The PGA Tour flies across the country this week, and given that it’s a week after a major with a long trip, the field for The Travelers is surprisingly good. Hard to blame them for wanting to play though, it’s been voted the players’ favorite tournament for a couple of years in a row, which probably stems from that sweet challenge they do on “15 1/2”, where they hit shots onto a floating red umbrella. Really, who wouldn’t want to try their hand at that? Anybody can go out to a course and try and skip their ball across the water onto a green, but how many opportunities do you get to try and hit a hole in one on a floating umbrella? The course itself is pretty short and the past leaderboards are filled with long and short hitters; both accurate and wild. Bubba Watson wins this thing like every other year, but short and safe guys like Russell Knox and Kevin Streelman have won recently too, so it’s obviously a course that’s going to favor guys who find the most success on shots that take place after the tee shot. Since the course is short, guys are likely going to be hitting a lot of wedges into greens, so I am going to focus on guys that are good on short approaches. The course is going to be wet as well and scoring opportunities will be there, so I think birdie makers will set up well too. Here’s who I like this week:
Sure Play: Justin Thomas (DK 9,800 / FD 11,200)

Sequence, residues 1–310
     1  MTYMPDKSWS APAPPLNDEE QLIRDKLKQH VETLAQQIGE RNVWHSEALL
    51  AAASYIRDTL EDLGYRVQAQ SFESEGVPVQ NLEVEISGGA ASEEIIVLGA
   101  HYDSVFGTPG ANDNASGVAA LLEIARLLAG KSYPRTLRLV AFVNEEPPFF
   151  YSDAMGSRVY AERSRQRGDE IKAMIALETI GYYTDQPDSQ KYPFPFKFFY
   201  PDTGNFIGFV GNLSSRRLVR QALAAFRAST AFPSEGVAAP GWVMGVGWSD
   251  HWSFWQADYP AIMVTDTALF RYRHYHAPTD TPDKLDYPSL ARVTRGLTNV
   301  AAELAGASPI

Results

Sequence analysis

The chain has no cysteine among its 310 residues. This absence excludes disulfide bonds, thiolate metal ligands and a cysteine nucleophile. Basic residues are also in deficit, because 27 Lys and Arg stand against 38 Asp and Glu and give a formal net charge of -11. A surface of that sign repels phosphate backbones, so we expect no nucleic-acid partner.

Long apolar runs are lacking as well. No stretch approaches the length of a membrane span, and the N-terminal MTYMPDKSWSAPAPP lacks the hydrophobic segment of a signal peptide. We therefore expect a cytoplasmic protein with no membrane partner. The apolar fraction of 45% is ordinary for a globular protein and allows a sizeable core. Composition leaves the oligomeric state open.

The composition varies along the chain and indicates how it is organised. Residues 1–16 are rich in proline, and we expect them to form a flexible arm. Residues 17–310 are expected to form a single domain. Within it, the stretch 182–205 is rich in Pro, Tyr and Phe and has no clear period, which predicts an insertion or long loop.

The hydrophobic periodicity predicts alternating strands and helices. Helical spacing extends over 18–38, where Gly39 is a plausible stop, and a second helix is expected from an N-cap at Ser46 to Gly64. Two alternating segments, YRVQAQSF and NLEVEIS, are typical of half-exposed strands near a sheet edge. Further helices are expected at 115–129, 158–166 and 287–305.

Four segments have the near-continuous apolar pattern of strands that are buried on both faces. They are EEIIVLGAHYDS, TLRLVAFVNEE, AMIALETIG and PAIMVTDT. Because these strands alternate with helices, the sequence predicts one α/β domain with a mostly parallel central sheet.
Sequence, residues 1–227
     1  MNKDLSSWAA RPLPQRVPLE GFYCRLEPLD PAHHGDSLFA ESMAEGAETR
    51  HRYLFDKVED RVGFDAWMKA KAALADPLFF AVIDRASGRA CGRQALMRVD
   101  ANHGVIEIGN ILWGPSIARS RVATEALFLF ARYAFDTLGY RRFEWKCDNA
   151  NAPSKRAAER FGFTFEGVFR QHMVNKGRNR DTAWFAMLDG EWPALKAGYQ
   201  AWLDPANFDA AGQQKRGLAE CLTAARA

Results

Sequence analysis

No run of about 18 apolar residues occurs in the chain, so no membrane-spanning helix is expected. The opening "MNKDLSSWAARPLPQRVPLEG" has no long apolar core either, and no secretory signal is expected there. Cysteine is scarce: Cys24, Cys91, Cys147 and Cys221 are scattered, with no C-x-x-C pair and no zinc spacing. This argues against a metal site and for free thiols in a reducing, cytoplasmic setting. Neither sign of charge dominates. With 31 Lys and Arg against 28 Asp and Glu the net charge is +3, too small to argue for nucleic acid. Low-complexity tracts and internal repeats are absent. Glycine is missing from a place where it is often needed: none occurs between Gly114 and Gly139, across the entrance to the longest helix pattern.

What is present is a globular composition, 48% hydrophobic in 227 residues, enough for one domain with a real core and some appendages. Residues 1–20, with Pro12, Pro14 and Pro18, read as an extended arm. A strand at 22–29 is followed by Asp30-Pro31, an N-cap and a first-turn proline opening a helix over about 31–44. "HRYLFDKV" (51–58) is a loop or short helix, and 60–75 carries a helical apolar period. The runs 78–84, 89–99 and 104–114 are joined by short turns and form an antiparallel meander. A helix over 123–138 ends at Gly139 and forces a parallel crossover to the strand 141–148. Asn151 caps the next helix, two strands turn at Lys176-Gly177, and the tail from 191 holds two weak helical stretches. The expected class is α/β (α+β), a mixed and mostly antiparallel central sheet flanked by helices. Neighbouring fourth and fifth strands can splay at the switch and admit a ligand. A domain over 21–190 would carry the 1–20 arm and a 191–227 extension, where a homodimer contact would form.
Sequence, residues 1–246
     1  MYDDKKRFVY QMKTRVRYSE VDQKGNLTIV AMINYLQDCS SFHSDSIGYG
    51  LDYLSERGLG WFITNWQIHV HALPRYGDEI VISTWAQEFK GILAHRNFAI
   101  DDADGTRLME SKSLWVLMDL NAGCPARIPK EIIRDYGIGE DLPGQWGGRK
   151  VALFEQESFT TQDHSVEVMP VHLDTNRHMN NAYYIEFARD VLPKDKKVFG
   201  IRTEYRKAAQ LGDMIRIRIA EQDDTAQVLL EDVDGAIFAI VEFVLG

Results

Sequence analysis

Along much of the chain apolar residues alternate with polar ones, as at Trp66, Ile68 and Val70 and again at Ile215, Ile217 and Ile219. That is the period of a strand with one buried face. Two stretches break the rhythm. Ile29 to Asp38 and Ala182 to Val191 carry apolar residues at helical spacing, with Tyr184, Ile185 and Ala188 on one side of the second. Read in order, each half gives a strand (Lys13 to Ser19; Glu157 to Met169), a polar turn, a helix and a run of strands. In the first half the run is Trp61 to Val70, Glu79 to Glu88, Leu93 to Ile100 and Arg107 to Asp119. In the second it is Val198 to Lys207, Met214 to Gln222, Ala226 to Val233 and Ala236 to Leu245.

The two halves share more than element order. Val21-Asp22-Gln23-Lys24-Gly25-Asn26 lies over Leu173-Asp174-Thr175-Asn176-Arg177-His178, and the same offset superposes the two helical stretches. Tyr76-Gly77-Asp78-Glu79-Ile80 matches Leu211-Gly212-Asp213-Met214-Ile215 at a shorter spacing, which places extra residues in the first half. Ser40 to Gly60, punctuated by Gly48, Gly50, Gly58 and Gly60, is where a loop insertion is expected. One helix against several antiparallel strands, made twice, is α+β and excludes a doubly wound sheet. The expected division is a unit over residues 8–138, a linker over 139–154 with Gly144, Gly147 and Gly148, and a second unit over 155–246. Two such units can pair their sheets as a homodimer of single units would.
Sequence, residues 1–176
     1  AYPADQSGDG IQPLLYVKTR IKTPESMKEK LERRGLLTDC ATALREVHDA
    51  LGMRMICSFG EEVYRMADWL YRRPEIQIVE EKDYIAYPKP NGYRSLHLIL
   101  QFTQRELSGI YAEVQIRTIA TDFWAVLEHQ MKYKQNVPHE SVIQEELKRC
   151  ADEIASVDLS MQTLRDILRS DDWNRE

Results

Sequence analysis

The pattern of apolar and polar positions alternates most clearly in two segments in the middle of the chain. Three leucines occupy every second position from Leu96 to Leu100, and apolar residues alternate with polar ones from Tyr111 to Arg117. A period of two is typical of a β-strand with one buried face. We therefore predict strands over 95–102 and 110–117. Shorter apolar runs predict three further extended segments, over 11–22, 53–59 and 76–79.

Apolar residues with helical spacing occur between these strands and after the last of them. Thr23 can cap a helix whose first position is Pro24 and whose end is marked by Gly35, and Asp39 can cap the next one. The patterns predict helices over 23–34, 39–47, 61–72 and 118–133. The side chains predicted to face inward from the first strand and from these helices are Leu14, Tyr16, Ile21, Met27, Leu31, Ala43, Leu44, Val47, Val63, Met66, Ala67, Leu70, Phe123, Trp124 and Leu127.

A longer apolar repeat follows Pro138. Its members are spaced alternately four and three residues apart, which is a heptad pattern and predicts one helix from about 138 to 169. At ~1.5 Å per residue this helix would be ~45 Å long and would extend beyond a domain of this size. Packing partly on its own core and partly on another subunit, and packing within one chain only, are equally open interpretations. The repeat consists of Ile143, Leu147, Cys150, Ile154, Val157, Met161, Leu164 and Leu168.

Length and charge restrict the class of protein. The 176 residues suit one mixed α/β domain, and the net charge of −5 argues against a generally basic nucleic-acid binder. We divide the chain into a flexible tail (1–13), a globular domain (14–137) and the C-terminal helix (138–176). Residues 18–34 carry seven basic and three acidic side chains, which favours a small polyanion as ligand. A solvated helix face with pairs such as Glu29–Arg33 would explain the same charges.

It’s not often I pick a guy that’s not one of the top couple priced guys on the slate, but similar to what I wrote last week I think J.T. is very underpriced for the caliber of player he is. It didn’t work out last week, but he now has a couple more really competitive rounds under his belt since the wrist injury and he’s in a field that isn’t even half as good as the U.S. Open. Plus, he even said on Twitter to a fan that his wrist is feeling great and he thinks he’s “close to great golf”, so that’s got to be good for something, right? He’s second on tour in approaches from 125-150 yards, which I think is where a lot of these wedge approaches will come from, but overall he’s eighth on tour in Shots Gained – Approach. He also leads the tour in birdie or better percentage. Unlike some other guys that might have some fatigue from last week, J.T. should be coming in fresh, ready to put on a good performance, and show that his game is back up to speed.
Hit or Miss: Phil Mickelson (DK 8,700 / FD 10,100)
I can only write Jordan Spieth’s name in this section so many times before I have to write about someone else. Phil fits the bill in this section this time around. He’s been playing bad golf as of late and it seems the only positive in the golf world for him right now is his social media accounts. Highly recommend “Phireside with Phil” on Twitter/Instagram if you haven’t seen it yet, by the way. Although he hasn’t been playing great golf, Phil seems to be a guy that tends to play well on courses he’s had success on in the past, especially where his driver can’t get him in a lot of trouble. Although he hasn’t played in over ten years, he has won this event twice back in the early 2000s. Maybe it’s just because they’re lefties that are long and inaccurate off the tee, but Bubba Watson’s game reminds me a little of Phil’s, and Bubba has won this event three times too. I think that wild and aggressive style of play from the wrong side of the tee box just works here. He’s ninth on tour in my favorite approach range: 125-150, and he’s 30th on tour in birdie or better percentage. Again, he’s not playing the greatest golf right now but if there’s a place coming up he’s likely to turn it around, this should be one of those places.
Mid-Tier Favorites: Jason Kokrak (DK 8,300 / FD 9,300) Charley Hoffman (DK 8,100 / FD 9,700)